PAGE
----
Austin Energy’s Julie Black electrifies on the high dive.

Story and photos by Gretchen M. Sanders

Julie Black kicked up to a handstand at the FINA World Masters Diving Championships in Budapest, Hungary. Upside down on a 10-meter platform, she counted to three, tipped forward and fell into a roll, stopping her rotation in time for a clean entry into a deep pool below.

That dive, an armstand somersault, scored high enough to land Black fourth place in the individual platform competition. That’s fourth place in the world! She would make the podium two more times before the meet’s end, taking gold in the mixed synchro platform and silver in the mixed synchro springboard events.

Black, an economist for Austin Energy, has always loved the water and the feeling of flying. She grew up in Missouri, participating in gymnastics but switching to diving in high school. Columbia University later recruited her for its diving team, offering her an athletic grant that paid half her college tuition. Black became Columbia’s first female diver to compete from freshman year through graduation. Later, she earned a master’s degree in economics from the University of Alabama.

At 48, she still performs the same dives she did in her 20s.

“I love the feeling of moving through the air, the rotation, the speed,” says Black, who dives and swims for Longhorn Aquatics Masters.

When she’s not at the Texas Swimming Center, she’s busy working with engineers and alternative-energy enthusiasts to develop sustainable fuel sources. Black, who drives an electric car and ponders energy conservation more than most people, believes electricity is a viable answer to the transportation-fuel-source dilemma.

“The electric grid can be powered by many different resources, and electricity is everywhere,” she says. “We have multiple options for powering electric vehicles, if we put our minds to it.”

Black sees a parallel in the intricate timing of an electrical grid and hitting a dive. Goodness knows she creates her own kind of electricity when she soars from 10 meters.

Here’s how this alternative-energy champion stays fit for gold.

The A.M.:

“I eat a frozen banana first thing every morning. Then I rush to get ready for Masters swim practice at UT. I’m usually running late, so I don’t have time to do much else. I listen to NPR in my car on the way to the pool and work. I like catching up on the news. I’m pretty out of touch with pop culture.”

The Workout: 

“I strive to do as many Masters swimming and diving workouts each week as possible. I love to start my day swimming and end it diving. Sometimes that means I do four morning swims and four evening diving practices in one week. I bike to work at least once during the week and run on two nights. I’ll do a longer run on Saturday mornings and a group bike ride on Sundays. Cross-training keeps me busy. I don’t have a family, and it definitely fulfills me. I love my hobbies.”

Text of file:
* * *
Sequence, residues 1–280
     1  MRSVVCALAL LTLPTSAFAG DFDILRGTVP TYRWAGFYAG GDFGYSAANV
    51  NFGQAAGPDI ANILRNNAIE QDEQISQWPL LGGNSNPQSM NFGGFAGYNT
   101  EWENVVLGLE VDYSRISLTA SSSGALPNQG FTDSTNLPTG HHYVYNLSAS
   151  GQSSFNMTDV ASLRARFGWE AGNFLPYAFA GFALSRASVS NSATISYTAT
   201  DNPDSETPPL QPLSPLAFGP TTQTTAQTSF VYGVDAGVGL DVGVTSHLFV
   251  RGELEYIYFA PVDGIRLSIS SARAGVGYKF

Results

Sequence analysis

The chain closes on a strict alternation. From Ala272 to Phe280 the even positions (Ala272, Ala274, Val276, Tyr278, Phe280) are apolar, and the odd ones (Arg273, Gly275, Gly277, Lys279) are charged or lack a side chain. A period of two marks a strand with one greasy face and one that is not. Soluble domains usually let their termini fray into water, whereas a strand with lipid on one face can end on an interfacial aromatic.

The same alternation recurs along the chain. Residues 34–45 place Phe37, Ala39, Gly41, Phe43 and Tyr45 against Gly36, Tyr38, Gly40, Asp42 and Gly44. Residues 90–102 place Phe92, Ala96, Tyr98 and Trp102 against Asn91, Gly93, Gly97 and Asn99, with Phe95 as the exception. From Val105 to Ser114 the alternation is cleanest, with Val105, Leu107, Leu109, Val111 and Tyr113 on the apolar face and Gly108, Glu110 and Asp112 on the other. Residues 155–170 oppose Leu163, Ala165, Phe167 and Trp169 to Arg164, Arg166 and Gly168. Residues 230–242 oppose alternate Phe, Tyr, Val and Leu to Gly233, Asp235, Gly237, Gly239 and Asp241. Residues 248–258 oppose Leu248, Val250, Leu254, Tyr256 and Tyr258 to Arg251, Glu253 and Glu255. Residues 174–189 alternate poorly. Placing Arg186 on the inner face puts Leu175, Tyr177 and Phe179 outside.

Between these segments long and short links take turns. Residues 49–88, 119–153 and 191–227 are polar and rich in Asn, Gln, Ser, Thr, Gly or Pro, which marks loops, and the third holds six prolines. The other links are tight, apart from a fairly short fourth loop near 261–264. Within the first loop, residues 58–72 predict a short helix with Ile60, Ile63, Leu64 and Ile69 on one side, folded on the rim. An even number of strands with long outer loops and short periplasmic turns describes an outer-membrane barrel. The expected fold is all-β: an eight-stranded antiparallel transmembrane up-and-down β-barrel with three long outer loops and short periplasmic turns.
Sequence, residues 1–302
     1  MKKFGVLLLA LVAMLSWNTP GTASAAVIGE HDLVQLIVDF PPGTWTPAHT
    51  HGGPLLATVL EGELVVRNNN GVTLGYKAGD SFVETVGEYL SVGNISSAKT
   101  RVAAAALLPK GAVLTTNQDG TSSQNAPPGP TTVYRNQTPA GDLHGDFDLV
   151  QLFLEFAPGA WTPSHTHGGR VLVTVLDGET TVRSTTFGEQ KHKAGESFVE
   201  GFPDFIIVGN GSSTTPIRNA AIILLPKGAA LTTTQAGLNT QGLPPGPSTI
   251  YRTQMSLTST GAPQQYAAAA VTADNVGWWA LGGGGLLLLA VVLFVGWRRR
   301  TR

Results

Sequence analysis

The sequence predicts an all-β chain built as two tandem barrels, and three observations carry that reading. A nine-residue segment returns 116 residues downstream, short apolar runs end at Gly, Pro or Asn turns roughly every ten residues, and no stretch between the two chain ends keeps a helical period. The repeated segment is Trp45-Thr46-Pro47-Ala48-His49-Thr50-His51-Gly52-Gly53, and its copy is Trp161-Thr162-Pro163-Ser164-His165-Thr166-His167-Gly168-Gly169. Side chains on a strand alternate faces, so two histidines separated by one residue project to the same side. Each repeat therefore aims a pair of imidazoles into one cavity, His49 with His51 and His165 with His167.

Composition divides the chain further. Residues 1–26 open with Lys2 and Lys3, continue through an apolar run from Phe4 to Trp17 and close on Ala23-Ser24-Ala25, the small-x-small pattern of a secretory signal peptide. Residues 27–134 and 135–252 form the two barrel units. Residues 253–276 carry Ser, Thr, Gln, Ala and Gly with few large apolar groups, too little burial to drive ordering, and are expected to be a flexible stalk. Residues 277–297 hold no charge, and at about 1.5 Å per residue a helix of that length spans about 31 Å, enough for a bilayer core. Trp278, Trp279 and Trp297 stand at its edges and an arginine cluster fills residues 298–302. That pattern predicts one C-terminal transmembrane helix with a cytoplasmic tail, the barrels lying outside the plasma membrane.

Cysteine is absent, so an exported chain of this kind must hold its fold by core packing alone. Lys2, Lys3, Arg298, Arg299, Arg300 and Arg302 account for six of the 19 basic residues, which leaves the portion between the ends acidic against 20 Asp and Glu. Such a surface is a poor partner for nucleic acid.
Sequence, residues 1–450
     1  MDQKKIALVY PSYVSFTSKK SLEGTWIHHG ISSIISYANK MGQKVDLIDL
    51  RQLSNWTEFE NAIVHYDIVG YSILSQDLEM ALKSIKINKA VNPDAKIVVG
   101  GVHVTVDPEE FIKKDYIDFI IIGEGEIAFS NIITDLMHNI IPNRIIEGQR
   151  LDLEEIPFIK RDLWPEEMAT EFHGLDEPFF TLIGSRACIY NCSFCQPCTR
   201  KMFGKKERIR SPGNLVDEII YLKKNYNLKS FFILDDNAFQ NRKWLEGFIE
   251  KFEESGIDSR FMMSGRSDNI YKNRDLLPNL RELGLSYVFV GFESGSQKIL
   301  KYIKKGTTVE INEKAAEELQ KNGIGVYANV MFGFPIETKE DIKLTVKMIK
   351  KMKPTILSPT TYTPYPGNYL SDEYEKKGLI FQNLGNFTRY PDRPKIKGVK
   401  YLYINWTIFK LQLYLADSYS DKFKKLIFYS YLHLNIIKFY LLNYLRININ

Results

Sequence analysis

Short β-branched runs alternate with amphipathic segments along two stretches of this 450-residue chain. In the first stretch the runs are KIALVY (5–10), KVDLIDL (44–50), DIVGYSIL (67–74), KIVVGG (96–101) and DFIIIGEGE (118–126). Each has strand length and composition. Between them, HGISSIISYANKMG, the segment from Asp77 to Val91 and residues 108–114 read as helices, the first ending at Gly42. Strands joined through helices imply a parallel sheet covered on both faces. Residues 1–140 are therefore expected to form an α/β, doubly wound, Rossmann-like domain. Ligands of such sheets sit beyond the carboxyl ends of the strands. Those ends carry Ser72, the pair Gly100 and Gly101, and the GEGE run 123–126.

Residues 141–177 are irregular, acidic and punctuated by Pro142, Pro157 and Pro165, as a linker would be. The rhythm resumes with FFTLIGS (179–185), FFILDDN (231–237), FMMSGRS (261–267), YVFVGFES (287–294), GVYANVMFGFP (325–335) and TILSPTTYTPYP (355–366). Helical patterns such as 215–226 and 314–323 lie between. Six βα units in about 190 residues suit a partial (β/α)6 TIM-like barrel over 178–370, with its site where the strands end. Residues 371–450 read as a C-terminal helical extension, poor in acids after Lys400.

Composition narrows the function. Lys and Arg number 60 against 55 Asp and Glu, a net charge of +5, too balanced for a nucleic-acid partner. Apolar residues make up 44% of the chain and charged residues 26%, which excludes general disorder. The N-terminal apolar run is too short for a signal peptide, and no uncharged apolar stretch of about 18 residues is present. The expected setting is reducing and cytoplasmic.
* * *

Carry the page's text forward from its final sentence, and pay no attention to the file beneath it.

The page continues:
The Diet:

“I try to eat lots of fruits and vegetables. Bananas are so easy and they taste so good. I’m not much of a cook, but I want to be healthy. I love to pick up salmon or chicken from Central Market’s deli. Protein shakes also work great on the go. I probably drink too much coffee, but then, I don’t have a sweet tooth and alcohol doesn’t fit into my training schedule. I guess it all balances out.”

The Gear:

“Diving requires a good swimsuit. Awhile back, I discovered Summer Suits, a local company that makes custom suits for divers. They look nice and come in all colors. I also wear Tiger Paw wrist guards when I dive from the platform. They protect my wrists from impact on the water. I warm up in shorts and a T-shirt, using an elastic band for exercises that keep my shoulders strong. Most divers also have a shammy, a small towel that dries the skin quickly and makes it easier to grab the legs in a tuck. I got mine from To Die For Shammies. It’s tie-dyed! I wouldn’t say it’s my good-luck charm, but as any diver would agree, a shammy is an absolute necessity during practice or a meet. We do grow quite attached to them.”

The Motivation:

“When I was little, I wanted to be an astronaut. That didn’t happen. I guess diving, flying high through the air, is the next closest thing. Competing in meets balances out my work. I can forget everything else and focus on improving my dives. You always feel like you can get better. My sports are very important to me. I need to do them the way people need to breathe. My equilibrium gets out of whack if I go too long without my exercise routine.”

The Mindset:

“The correct mindset is one of the hardest things to figure out about diving. You must have a certain level of relaxation and zen. Diving requires emotional and psychological stability on conscious and subconscious levels. It’s much more mental than any of the other endurance sports I do. What’s happening beneath the surface plays a huge part in how divers perform.”

The P.M.:

“I saw a sports psychologist after a bad diving crash in 2015. He made me a tape that I play at night to set my mind at ease. He just talks and says reassuring things, attempting to eradicate any negative thoughts, my gremlins.”



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